Quantoken

2. MathPhys says:

So it’s the ones who go to Wall St who end up bailing out those who stay in science.

3. Tony Smith says:

Quantoken said “… I am taken back by the Brookhaven director’s statement that the raise of electricity cost was “unexpected”. As head of such a big organization he should have known better and should have expected things like this. …”.

It seems to me likely to me that the Brookhaven director’s statement may be no more a statement of true fact than the statement of Captain Renault in Casablanca ( from http://www.imdb.com/title/tt0034583/quotes ):

“… Captain Renault:
I’m shocked, shocked to find that gambling is going on in here!
[a croupier hands Renault a pile of money]
Captain Renault: [sotto voce] Oh, thank you very much. …”.

Such statements seem to me to be socio-political game-playing tactical moves, and to support the assertions in a letter (responding to Lee Smolin’s article “Why No New Einstein?”) published in the January 2006 issue of Physics Today by Foster Morrison:

“… Today’s scientists are jet-setting, grant-swinging, favor-trading hustlers looking for civil servants who will provide them with a pipeline to the US Treasury. Not only do they get peer pressure to behave this way, they also get arm-twisting from the academic bureaucracy that wants to get its 50% to pay for its bloated overhead. …”.

Tony Smith
http://www.valdostamuseum.org/hamsmith/

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5. woit says:

Tony and Quantoken,

You are being extremely unfair to those people who have the thankless task of trying to get new high-energy physics facilities built and working in an environment where the inherent technological difficulties are immense, and budgets are both being cut and often not even known until well into the fiscal year. These laboratories have large fixed costs, so faced with sizable budget cuts they have a limited number of choices on how to deal with them, all ugly. The main ones involve shutting down accelerators to save on power costs and firing good people who have been working there, doing a good job for years.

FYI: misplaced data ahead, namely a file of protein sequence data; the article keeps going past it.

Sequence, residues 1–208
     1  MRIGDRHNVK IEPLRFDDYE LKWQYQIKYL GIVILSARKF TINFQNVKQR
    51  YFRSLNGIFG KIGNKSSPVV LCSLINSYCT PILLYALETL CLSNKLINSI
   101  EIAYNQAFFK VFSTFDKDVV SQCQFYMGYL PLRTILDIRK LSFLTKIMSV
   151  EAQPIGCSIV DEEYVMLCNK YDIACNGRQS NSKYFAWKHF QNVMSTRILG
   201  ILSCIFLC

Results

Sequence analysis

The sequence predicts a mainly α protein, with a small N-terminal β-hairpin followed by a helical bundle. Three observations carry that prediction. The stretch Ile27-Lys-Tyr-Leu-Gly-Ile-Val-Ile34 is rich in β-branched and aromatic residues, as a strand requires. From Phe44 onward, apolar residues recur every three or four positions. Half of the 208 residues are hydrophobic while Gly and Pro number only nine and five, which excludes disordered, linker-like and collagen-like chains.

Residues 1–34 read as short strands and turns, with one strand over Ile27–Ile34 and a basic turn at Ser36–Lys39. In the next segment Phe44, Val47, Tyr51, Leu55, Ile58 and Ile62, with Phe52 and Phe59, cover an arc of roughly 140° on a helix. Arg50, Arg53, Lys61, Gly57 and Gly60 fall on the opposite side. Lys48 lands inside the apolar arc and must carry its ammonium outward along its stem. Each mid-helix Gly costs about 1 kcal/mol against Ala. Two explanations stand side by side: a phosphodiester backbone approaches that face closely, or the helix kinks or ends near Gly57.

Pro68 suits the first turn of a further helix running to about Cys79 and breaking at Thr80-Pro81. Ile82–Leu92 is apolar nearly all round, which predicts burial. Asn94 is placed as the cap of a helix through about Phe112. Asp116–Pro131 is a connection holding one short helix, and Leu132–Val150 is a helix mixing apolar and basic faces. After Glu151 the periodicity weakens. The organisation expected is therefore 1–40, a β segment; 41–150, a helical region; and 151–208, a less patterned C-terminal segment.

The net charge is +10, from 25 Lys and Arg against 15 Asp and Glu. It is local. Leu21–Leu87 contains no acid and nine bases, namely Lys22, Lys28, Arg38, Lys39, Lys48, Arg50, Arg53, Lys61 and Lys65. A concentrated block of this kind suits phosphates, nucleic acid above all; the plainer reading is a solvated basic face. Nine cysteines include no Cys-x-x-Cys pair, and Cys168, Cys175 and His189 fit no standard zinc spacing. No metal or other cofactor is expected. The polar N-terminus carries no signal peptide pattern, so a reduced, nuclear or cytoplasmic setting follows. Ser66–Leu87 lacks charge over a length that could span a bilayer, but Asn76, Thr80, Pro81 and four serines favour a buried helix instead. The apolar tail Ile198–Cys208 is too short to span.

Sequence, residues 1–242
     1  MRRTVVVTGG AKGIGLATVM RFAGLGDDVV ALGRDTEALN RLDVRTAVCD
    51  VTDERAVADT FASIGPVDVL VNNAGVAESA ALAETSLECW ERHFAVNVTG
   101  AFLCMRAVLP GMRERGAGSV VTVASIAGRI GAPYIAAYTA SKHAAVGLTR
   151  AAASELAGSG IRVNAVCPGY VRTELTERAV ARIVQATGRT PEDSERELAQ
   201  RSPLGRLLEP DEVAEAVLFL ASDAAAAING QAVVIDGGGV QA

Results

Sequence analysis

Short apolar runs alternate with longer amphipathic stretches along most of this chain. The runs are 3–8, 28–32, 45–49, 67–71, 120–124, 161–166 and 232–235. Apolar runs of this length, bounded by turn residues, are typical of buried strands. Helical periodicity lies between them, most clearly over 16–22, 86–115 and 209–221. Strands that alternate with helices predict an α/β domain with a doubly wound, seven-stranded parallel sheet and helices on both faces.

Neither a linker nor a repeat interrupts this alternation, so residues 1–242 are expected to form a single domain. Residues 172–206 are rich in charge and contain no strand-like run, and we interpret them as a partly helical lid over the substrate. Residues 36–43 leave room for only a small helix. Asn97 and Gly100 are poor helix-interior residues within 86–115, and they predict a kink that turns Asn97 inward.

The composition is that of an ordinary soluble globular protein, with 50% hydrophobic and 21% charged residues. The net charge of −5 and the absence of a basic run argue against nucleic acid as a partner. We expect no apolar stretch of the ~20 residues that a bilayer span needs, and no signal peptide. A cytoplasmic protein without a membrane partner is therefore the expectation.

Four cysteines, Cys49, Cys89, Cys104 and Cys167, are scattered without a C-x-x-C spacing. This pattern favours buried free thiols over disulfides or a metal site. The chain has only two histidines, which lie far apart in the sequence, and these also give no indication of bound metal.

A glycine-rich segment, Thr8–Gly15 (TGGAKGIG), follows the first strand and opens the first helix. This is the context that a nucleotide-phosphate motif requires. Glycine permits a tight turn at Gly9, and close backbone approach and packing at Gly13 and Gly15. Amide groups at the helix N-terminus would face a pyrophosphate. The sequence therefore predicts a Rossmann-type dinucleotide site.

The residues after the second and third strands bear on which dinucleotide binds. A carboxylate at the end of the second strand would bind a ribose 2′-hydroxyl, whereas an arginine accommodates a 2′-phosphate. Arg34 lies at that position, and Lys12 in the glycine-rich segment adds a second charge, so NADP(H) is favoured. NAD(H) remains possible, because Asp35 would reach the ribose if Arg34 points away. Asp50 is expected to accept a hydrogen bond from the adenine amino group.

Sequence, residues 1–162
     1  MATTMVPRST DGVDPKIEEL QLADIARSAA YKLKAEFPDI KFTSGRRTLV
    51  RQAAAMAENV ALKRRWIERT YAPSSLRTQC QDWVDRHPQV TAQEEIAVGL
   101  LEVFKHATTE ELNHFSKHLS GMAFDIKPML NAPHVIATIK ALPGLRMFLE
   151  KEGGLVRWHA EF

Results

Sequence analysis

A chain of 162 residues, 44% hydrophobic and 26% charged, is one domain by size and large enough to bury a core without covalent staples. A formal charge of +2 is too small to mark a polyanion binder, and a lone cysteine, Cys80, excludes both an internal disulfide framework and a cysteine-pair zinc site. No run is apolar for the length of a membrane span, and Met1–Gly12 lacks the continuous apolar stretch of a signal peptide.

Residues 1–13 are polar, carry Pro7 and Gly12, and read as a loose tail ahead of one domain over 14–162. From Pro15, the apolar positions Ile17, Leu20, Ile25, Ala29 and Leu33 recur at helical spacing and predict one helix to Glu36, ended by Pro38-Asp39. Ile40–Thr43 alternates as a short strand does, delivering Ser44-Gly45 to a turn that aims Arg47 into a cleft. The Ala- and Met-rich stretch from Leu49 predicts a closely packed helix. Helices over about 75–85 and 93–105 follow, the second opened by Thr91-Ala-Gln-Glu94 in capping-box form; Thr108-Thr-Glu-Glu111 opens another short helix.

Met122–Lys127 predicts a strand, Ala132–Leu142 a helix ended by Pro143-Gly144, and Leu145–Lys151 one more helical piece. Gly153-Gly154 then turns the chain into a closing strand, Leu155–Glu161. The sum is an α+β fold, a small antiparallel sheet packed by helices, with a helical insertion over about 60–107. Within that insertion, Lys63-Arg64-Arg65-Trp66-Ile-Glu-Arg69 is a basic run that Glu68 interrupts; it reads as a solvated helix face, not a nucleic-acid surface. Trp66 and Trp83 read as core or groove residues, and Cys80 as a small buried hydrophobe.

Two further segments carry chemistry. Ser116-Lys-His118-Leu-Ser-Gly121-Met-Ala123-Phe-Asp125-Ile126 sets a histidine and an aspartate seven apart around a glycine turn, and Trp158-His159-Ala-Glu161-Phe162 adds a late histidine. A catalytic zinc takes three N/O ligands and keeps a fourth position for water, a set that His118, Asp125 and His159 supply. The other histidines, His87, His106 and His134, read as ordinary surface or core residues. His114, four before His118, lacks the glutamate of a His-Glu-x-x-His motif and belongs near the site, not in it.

Experimental high energy physics in the US is facing some very difficult times, for very real reasons, not because the people involved are incompetent or “jet-setting, grant-swinging, favor-trading hustlers”.

Theoretical high energy physics is a rather different story…..

6. Eli Rabett says:

It is not clear to me that it would either be allowed or accepted if the labs hedged on electricity. If they bet wrong (say the cost went down) the papers and the politicians would have their guts for garters.

However, DOE does generate electricity from a lot of dams in the southeast and the northwest. Most of this is sold at fixed cost to hold down the cost of electricity to customers. It might be possible for DOE to guarantee delivery of electricity to its own facilities under similar terms. This would, of course, be political, because that power would not be available for other uses.

There are interesting possibilities here, since the money goes into the DOE budget on one side (from purchases of electricity by others) and into the DOE budget on the other (from purchases of electricity by the labs)

7. Tony Smith says:

Peter said “… Experimental high energy physics in the US is facing some very difficult times, for very real reasons, not because the people involved are incompetent or “jet-setting, grant-swinging, favor-trading hustlers”.
Theoretical high energy physics is a rather different story …”.

Although I would like to make it clear that I am in favor of high-energy experimental physics (even though my favorite future-project, the muon collider, has been assigned a low priority by the physics community),